From the Blog

10 Things I learned from American Film Market

Nov. 17, 2014

By Ed Fletcher

Armed with a stack of business cards, some new pink ties and a four-day pass ($500), I recently attended American Film Market in Santa Monica, one of the world’s largest film markets, to develop or sell my screenplay Pink. For more information on Pink, a sexy dramatic comedy based on Sacramento’s 1969 bottomless stripper trial, read my blog or find us on Facebook. What follows is a rundown of things I learned or reconfirmed from attending American Film Market for the first time and as someone new to film.

  1. Hollywood is not about openness or inclusion. It’s a meritocracy based on your ability to make them money. That’s not an indictment, just real talk.

  2. In the film world there are creative types and business types. AFM is more for the business types. It ain’t called a market for nothing.

Time to Say "Geronimo" and Take Film Leap

Nov. 5, 2014

​By Ed Fletcher

When I was a little kid and even into adolescence, I loved to take risks.
In those days of perfect knees, I jumped from roofs, moving trucks and once from one moving speed boat to another. I thought nothing of taking a ski jump within weeks of learning to ski.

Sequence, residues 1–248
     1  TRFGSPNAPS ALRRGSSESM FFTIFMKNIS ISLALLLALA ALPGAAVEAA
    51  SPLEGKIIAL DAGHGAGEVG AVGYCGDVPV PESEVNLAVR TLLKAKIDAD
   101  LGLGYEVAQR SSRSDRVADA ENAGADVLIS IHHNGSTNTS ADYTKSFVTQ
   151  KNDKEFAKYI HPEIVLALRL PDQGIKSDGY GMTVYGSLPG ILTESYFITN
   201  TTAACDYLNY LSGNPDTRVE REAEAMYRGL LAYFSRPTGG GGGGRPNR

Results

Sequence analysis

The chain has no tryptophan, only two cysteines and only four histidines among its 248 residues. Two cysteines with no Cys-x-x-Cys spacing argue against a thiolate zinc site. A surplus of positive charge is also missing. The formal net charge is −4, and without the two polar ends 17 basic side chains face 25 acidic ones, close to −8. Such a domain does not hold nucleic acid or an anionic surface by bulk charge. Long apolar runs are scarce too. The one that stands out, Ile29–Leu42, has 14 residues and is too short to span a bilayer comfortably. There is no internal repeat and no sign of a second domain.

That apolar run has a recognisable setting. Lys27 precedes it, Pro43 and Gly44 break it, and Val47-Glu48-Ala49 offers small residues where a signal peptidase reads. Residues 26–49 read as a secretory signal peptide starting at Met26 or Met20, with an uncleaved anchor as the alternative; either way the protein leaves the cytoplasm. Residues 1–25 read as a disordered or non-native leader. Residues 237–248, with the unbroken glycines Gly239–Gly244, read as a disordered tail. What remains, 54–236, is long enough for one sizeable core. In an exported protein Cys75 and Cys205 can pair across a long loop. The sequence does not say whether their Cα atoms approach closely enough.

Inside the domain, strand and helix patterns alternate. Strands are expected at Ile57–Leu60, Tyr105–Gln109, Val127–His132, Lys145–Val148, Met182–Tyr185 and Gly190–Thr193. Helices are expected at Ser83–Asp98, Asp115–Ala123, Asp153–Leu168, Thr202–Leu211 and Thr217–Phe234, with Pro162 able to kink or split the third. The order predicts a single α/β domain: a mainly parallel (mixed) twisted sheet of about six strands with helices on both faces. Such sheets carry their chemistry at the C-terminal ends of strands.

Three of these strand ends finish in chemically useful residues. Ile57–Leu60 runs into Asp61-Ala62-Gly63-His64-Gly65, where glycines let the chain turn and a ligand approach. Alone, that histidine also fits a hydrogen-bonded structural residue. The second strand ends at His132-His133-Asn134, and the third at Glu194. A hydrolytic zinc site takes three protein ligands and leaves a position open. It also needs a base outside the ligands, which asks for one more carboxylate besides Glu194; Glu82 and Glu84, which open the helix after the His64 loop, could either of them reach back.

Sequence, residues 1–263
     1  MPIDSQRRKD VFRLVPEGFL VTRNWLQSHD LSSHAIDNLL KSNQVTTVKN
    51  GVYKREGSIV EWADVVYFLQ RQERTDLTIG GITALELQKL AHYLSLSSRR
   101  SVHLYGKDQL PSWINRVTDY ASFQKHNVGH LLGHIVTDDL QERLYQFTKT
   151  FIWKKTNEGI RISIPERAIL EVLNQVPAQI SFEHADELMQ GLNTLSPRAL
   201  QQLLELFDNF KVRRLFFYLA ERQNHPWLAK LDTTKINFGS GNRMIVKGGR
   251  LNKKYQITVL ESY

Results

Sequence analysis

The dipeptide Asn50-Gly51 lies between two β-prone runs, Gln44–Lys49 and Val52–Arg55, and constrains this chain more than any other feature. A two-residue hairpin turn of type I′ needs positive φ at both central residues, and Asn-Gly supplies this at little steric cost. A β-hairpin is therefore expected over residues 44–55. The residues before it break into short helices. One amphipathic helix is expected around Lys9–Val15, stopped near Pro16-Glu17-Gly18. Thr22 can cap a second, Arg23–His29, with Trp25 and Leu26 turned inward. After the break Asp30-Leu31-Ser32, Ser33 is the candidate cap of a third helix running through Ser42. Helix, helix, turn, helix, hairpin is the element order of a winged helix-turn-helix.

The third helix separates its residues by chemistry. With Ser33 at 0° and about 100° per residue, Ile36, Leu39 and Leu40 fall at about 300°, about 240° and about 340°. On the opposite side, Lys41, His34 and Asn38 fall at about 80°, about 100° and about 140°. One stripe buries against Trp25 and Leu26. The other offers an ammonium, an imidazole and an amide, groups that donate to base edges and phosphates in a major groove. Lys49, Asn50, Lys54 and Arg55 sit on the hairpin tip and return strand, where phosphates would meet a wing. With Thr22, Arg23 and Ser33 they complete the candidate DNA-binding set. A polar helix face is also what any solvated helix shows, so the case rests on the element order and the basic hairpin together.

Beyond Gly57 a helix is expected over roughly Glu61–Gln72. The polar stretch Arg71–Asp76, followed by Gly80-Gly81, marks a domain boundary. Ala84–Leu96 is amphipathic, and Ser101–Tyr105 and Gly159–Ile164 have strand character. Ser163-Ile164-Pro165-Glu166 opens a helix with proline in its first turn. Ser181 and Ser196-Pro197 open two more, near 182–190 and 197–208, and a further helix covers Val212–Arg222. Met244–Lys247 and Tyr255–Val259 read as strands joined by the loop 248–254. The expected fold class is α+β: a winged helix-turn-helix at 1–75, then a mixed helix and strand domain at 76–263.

Like most people, as the years moved along I found myself taking fewer risks.
I ski with the goal of not falling. I keep the cruise control set at 75 mph as to not get a ticket. And I’ve sought comfort in my work environment.
On one hand, comfort and safety is a beautiful thing in this troubled economic climate. But on the other hand, it can be constricting and confining when your heart wants to soar.

 

Account Supports Ruthless Misterly 

Mach 14, 2014

​By Ed Fletcher

As a journalist solidly into my second decade at the craft, it only made sense that I’d lean on a true story to easy my way into screenwriting.
Writing a historical fiction is like journalism, except you get to color in the details, I figured.
After taking my first weekend screenwriting class three years ago, in February (2014) completed my first feature length script. I’m a admittedly a little stir crazy as I share my baby seeking refinement.

It’s hard to tell how long the road before me is. It’s next to impossible for a Hollywood outsider to sell their script. It’s hard enough to get it read. Should I try to secure the money to produce it myself, it means many long nights juggling my play job and my newspaper job.

So it was with mixed feelings I scheduled a meeting with former Sacramento County Undersheriff Larry Stamm, someone with intimate knowledge of my subject matter and whose recollections might force a major rewrite. 
 

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